After SAPA, MLB then lobbied for a bill in Arizona to exempt minor leaguers from that state’s minimum wage law, because state wage laws supersede federal law and minimum wage in Arizona is $11 per hour, going up to $12 next month. In August, a federal appeals court ruled against this, allowing Arizona to be included in the Senne v. MLB class action, which also includes Florida.
This is important because all training camps are in one of the two states and players are not paid for them. It appears a key issue is that MLB is arguing that spring training and other camps like instructional camps are voluntary. The court disagreed.
I will stop there for now…December 23, 2019 at 8:11 am #117416
The system has been tried in the Atlantic League and in the Arizona Fall League. Anybody have reports of how the AFL worked out with that system?
Generally, I think they liked it. Specifically, the feedback was that it was excellent on the inside and outside corners. There was some negative feedback on big curve balls at the top and bottom of the zone – this is likely due to the fact that umps have been getting those wrong for ages, and an adjustment will be needed (but this is pure speculation on my part).December 23, 2019 at 8:23 am #117417
Just a heads up that there is a separate topic running about the new umpiring agreement.December 23, 2019 at 8:46 am #117422
This article is particularly relevant considering how the proposal to cut 42 teams and the movement to pay players fairly was turned here into a scolding for spending other peoples’ money. The author discusses MLB’s growing wealth, asking readers to not let themselves be insulted by MLB’s claims of poverty. He closes by drawing a parallel to his parent $1 billion media company firing underpaid writers and he resigns in support of them.
— Beyond the Box Score (@BtBScore) December 23, 2019December 23, 2019 at 8:55 am #117424
So if you are wealthy, you owe that wealth to others?
I’m not of the mind that MLB owners aren’t massively wealthy or that MLB is not making money hand over fist.
But there is a cost/benefit analysis in everything. And if you drive the cost of minor league players up by 500%, then that analysis is going to change massively.
I realize that in Utopia these things don’t happen and everyone can be a millionaire, but that isn’t the world we live in.December 23, 2019 at 10:09 am #117438gscottarParticipantPaid - Annual
I have been trying to post on this subject all morning but keep getting the error message “your post can’t be created at this time.” Perhaps it was too long.
I will condense it to say that the newly discovered outrage towards the owners is somewhere between very convenient and downright hypocritical. But welcome to the party belatedly I guess.December 23, 2019 at 10:16 am #117441
I turned some of my responses here into an article. If you’ve read the preceding discussion, you already know what is included.
The fight over elimination of 42 minor league teams and the fight for better minor league pay each continue down their separate paths. I recap where they currently stand. (free article) https://t.co/ybQhcfKE9n pic.twitter.com/1j0YJJOBRV
— Brian Walton (@B_Walton) December 23, 2019December 23, 2019 at 11:29 am #117468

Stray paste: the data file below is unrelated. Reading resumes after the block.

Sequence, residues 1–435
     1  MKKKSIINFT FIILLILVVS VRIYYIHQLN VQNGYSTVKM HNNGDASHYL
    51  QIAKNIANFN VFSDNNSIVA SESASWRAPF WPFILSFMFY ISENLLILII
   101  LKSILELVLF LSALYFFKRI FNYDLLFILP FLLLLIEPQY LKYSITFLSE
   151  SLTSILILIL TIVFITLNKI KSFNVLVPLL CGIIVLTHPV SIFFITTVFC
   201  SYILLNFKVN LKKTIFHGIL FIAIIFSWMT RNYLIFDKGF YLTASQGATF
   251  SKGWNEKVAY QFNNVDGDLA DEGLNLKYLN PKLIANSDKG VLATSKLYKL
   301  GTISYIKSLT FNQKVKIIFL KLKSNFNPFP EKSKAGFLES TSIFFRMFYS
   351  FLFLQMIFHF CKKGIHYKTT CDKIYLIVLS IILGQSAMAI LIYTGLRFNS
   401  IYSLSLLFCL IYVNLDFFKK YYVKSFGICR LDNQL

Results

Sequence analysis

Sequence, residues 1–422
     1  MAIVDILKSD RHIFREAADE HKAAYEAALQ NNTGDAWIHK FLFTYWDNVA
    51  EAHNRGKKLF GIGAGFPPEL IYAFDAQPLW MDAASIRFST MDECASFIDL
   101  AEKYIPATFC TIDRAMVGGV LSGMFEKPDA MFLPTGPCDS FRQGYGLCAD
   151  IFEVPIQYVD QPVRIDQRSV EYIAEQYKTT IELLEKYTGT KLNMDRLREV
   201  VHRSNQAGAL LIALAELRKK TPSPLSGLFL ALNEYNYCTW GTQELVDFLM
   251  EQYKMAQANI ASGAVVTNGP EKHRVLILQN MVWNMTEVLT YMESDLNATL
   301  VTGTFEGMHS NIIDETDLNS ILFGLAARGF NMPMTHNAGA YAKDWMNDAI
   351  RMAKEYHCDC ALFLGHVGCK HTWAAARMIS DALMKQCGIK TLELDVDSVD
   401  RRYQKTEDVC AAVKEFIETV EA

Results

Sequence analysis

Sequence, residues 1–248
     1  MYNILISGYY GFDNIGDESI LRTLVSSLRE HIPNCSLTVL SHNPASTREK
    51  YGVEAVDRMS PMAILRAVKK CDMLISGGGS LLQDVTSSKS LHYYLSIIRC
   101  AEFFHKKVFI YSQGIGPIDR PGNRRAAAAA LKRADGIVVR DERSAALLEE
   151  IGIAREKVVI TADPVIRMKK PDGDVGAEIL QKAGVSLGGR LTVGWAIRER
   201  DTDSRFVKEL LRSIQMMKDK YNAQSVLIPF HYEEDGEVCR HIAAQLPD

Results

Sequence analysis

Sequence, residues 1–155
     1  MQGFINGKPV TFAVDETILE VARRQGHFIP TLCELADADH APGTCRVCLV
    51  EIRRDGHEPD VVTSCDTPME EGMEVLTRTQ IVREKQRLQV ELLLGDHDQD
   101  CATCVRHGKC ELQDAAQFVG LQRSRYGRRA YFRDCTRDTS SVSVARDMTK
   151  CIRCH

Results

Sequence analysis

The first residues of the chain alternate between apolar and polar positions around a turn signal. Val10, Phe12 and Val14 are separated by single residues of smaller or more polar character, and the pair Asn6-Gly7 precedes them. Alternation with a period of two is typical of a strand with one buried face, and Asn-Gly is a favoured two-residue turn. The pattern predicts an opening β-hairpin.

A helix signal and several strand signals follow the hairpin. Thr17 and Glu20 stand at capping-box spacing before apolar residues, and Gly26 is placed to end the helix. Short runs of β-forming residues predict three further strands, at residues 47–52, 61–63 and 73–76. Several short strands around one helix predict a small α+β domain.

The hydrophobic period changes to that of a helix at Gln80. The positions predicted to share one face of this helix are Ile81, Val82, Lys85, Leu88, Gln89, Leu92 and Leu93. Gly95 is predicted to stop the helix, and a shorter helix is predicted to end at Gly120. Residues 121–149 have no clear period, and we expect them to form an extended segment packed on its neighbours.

Former MLB and minor leaguer Doug Glanville calls on the MLB players to take on the fight for minor league pay. I agree with him, having made this same point almost exactly a year ago.
— The Athletic MLB (@TheAthleticMLB) December 23, 2019December 23, 2019 at 4:30 pm #117478
The MLBPA are the only ones who can get this done. And look at what they already do to players with less than 6 years of Major League experience. I’d like to see them look out for minor leaguers, but I’m not holding my breath.
December 23, 2019 at 6:55 pm #117493
- This reply was modified 1 month, 3 weeks ago by atripleshyofthecycle.
I don’t think you need a union to get MLB’s handling of the minor league players straightened out. In fact, the point I was trying to make is that MLB is already taking steps to straighten things out, and that’s probably because of pressure from impending lawsuits. If MLB can get the minor leagues organized in a way that is equitable for all teams, then the next thing they can do is set pay structure and living standards and work hours. I don’t understand why MLB didn’t do something about this sooner. Maybe it’s because things were working out alright for them, so ‘Why fix it if it isn’t broken?’ One question to ask is ‘Why was the current system good enough until recently?’ I think it’s because of societal changes. People nowadays expect issues like this to be remedied, whereas in days past it was looked upon as being a tough go for minor league players, but it was just something they had to go through as part of the process of becoming a major league player. As far as I know, all of the players who went through the process survived. Some of them might have even gotten stronger as a result of it.
I want to add that this is all speculation. If all explanations are possible, then the explanation that teams are possessed by greed and they ignore fairness in order to save money, has to be a possibility, also. It’s just not a premise that I can relate to. Also, IMHO, the premise that the owners are cheap has overtones of the ideology of the political left, and that’s probably part of the reason that it’s such a hot topic.December 23, 2019 at 7:03 pm #117494Minuteman3ParticipantFree
I see where the Cubs were just assessed something in the neighborhood of 7.6 million dollars as a luxury tax. Not sure if other clubs are also on the hook but I know it starts at 20% of the overage and then goes to 30% for year two and 50 tax for the third consecutive year.
I am not sure where this money goes but it would not hurt to be put into a pay raise for minor league players unless it is already designated for a charity.December 23, 2019 at 9:34 pm #117497
They don’t need extra money. Just commit to spending more of the money that they already have coming in on minor league players. Then, they’ll have less money to spend on major league salaries. But, so what?December 27, 2019 at 10:12 am #117731
Don’t use the link in Tweet below as it is broken. Here is the correct link to the article. The opening and closing of the story are focused on the contraction proposal, but to me, the most interesting part is the further detail provided about the salary class action lawsuit.
— Sporting News MLB (@sn_mlb) December 27, 2019January 3, 2020 at 5:19 pm #118243
The minor leaguers suing MLB over wages took another step forward today, when a federal appeals court declined another MLB request that the suit not be heard as a class action. The case itself has not gone to trial, but class action greatly increases potential MLB liability.
— Bill Shaikin (@BillShaikin) January 3, 2020January 8, 2020 at 11:11 pm #118660BlackHillsCardParticipantFree